The Belgrade TiE Company continued to inspire many, including a young Michael Boyd, Trainee Director at the Belgrade. In a play about the Irish potato famine, he and a participating child were asked to decide what to do with their last potato – either to eat it or to use it to seed a crop. Michael suggested eating it so that they could live to fight another day. The child looked at him square in the eye and said: “We have to think of the future.” Michael said: ‘I learnt more about the Irish famine through that show… than from any textbook that I studied at school, or indeed from any folklore that as a Northern Irish man I’d learnt in my childhood.” A resounding testament to the ability of TiE to cut to the heart of an issue.
By 1996, however, we were struggling with a growing deficit, and after a period of erosion of the autonomy of the TiE company, it was finally and controversially cut to restabilise the theatre’s financial position. Other companies making TiE have survived including those programmed for our Inspiring Curiosity 50th Anniversary festival in October. Many have adapted quickly to the changing funding climate – with Big Brum having lost its NPO status in the last round of Arts Council England (ACE) funding cuts, and Birmingham’s The Play House having recently moved its offices into the Birmingham Rep.
Aside from the remaining pockets of TiE practice, our legacy can be seen in the proliferation of participatory or applied arts practices in theatre and non-theatre environments since the early 1990s – in health, prisons and youth theatre. Here at the Belgrade, we are proud to build on our legacy, with our community and education programme at the heart of our artistic vision. Our work is inspired by some of the key principles of TiE – giving a voice to the experiences of young people, inspiring their curiosity in the world around them, and working in partnership with organisations to meet the needs of our communities. Programmes include Acting Out, which uses participatory theatre practices to work with young people not fulfilling their potential in mainstream school, and The New Black, which works with the city’s black and minority communities.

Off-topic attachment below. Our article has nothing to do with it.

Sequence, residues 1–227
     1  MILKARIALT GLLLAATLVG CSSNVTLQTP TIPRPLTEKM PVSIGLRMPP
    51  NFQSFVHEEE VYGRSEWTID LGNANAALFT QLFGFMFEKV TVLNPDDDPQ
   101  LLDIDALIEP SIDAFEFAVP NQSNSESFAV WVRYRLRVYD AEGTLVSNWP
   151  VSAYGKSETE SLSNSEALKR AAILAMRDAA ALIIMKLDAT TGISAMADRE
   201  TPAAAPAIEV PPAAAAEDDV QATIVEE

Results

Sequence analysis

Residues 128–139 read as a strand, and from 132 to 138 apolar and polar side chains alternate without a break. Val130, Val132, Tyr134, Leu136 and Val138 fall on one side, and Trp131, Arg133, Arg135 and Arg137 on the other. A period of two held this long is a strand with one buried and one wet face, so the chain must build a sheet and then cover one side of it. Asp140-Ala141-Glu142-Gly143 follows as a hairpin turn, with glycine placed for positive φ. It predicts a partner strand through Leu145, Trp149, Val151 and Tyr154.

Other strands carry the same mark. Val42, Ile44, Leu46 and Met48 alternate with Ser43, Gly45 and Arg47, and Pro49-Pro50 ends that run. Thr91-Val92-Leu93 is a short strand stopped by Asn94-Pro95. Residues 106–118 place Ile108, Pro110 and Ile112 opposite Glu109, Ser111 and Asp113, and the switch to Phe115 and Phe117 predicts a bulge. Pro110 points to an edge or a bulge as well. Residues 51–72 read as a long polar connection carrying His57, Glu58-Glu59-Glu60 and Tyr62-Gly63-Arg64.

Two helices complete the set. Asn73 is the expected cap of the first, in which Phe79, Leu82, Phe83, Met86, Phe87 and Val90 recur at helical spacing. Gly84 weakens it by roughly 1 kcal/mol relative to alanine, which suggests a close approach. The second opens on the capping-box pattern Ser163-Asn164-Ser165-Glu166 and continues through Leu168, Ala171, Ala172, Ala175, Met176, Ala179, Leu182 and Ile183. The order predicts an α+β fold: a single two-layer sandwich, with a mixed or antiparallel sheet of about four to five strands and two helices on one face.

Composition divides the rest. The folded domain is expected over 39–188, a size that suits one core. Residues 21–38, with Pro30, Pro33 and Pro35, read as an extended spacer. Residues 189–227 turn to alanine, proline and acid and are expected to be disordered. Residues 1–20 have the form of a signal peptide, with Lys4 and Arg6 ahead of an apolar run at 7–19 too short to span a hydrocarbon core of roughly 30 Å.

Since the disbanding of the full-time TiE company, we have been able to deliver one TiE show on a regular basis. The Big School TiE tour helps prepare young people for the transition from primary to secondary school, reaching 30 to 50 primary schools per year. In an external evaluation it was found to develop practical knowledge and skills, a personal sense of agency in the young people and an improved understanding of social behaviour and relationship with others.
Fifty years on, this is our first year without funding for a TiE programme. We could look on this as the final laying to rest of a once radical vision. But there is something about the current climate that feels familiar – a schooling system that is foundering under a return to traditional values and a marginalisation of the arts; an arts sector that is burgeoning with site-specific performance and audience interaction; and ACE promoting the creative case for diversity. As we look again for creative ways to engage children and young people in their learning, and for new ways to make the arts central to the lives of every citizen, our sector would do well to look to the extraordinary skill and expertise that lies at the heart of our theatre in education legacy.
Justine Themen is Associate Director at the Belgrade Theatre Coventry with responsibility for its community and education programme.